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Br J Cancer. Mar 2001; 84(6): 796–801.
PMCID: PMC2363818
Addition of high-risk HPV testing improves the current guidelines on follow-up after treatment for cervical intraepithelial neoplasia
M A E Nobbenhuis,1,2 C J L M Meijer,2 A J C van den Brule,2 L Rozendaal,2 F J Voorhorst,3 E K J Risse,2 R H M Verheijen,4 and T J M Helmerhorst1
1Department of Obstetrics and Gynaecology, University Hospital Rotterdam, PO Box 2040, CA, 3000, Rotterdam
2Department of Pathology
3Department of Clinical Epidemiology and Biostatistics
4Department of Obstetrics and Gynaecology, University Hospital Vrije Universiteit, PO Box 7057, Amsterdam, MB, 1007, The Netherlands
*Author for correspondence: Email: helmerhorst/at/gyna.azr.nl
Received September 18, 2000; Revised December 18, 2000; Accepted December 19, 2000.
Abstract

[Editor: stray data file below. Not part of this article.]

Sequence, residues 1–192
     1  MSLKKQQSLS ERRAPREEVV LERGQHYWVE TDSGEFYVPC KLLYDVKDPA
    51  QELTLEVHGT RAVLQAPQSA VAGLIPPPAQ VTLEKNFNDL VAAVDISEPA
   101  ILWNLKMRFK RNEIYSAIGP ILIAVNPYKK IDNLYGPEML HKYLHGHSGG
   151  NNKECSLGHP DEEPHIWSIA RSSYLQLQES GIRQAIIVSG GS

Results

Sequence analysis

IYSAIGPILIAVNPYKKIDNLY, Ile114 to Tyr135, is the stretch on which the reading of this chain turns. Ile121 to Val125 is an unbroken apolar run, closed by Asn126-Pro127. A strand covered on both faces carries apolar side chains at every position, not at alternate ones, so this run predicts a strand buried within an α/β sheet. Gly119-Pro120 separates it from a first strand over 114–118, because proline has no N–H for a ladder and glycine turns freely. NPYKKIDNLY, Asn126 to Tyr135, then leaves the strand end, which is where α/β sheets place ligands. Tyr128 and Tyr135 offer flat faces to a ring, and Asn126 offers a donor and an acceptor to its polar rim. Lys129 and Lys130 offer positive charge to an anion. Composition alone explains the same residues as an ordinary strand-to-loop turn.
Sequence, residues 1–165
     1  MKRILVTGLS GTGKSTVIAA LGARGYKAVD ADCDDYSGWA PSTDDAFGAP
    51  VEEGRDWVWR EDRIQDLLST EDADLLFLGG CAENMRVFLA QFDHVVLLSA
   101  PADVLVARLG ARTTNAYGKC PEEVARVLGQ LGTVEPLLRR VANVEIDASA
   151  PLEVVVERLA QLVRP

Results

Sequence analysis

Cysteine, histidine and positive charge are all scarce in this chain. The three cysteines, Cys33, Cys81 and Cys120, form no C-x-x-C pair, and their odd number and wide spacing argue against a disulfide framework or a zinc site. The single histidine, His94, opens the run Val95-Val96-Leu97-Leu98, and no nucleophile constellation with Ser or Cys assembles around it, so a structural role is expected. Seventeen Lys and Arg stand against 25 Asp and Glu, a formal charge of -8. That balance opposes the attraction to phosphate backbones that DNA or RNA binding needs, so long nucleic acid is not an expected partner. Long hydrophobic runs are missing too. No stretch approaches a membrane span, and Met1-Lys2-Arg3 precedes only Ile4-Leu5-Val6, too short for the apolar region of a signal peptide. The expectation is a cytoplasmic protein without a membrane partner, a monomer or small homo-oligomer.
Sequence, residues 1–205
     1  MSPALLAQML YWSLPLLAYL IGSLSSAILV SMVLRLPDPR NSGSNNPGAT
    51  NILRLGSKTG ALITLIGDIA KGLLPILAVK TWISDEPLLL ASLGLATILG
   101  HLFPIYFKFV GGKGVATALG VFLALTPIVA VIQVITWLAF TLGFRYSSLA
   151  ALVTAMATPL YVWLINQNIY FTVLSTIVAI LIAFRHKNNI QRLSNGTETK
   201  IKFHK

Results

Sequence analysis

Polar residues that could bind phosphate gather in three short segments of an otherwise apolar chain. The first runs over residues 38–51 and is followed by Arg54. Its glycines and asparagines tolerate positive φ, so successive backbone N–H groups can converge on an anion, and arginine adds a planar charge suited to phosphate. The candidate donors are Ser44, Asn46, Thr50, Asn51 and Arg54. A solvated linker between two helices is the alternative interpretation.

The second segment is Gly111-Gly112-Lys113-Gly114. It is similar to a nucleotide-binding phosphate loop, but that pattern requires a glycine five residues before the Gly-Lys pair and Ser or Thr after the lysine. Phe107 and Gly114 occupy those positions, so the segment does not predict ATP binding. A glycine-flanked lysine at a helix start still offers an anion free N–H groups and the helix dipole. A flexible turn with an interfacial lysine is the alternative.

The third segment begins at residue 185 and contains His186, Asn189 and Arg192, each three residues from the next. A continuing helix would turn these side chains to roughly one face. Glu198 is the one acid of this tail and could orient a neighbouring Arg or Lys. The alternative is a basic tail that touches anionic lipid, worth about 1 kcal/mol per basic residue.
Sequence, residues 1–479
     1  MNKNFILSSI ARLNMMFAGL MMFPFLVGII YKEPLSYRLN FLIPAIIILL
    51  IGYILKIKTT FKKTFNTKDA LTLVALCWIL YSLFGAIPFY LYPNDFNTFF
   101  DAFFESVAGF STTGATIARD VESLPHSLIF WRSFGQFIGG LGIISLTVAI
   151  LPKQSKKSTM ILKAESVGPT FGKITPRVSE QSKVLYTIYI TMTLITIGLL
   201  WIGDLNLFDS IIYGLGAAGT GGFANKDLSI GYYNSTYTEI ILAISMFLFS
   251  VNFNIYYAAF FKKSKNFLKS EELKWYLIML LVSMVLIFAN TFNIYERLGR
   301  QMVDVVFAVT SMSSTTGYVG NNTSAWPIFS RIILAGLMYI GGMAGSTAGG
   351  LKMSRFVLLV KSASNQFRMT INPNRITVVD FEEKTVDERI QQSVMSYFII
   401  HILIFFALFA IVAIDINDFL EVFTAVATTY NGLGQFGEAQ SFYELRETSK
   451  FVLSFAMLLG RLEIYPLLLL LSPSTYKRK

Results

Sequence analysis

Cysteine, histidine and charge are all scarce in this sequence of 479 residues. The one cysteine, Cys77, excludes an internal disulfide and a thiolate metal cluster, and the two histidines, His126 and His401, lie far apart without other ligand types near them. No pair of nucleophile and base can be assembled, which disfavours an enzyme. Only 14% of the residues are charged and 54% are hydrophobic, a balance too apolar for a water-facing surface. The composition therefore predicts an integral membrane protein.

We assessed a possible role for high-risk human papillomavirus (HPV) testing in the policy after treatment for cervical intraepithelial neoplasia (CIN) 2 or 3 (moderate to severe dysplasia). According to the Dutch guidelines follow-up after treatment consists of cervical cytology at 6, 12 and 24 months. Colposcopy is only performed in case of abnormal cervical cytology. In this observational study 184 women treated for CIN 2 or 3 were prospectively monitored by cervical cytology and high-risk HPV testing 3, 6, 9, 12 and 24 months after treatment. Post-treatment CIN 2/3 was present in 29 women (15.8%). A positive high-risk HPV test 6 months after treatment was more predictive for post-treatment CIN 2/3 than abnormal cervical cytology (sensitivity 90% and 62% respectively, with similar specificity). At 6 months the negative predictive value of a high-risk HPV negative, normal smear, was 99%. Largely overlapping, partly different groups of women with post-treatment CIN 2/3 were identified by HPV testing and cervical cytology. Based on these results we advocate to include high-risk HPV testing in monitoring women initially treated for CIN 2/3. In case of a high-risk HPV positive test or abnormal cervical cytology, colposcopy is indicated. All women should be tested at 6 and 24 months after treatment and only referred to the population-based cervical cancer screening programme when the tests are negative on both visits. © 2001 Cancer Research Campaign http://www.bjcancer.com
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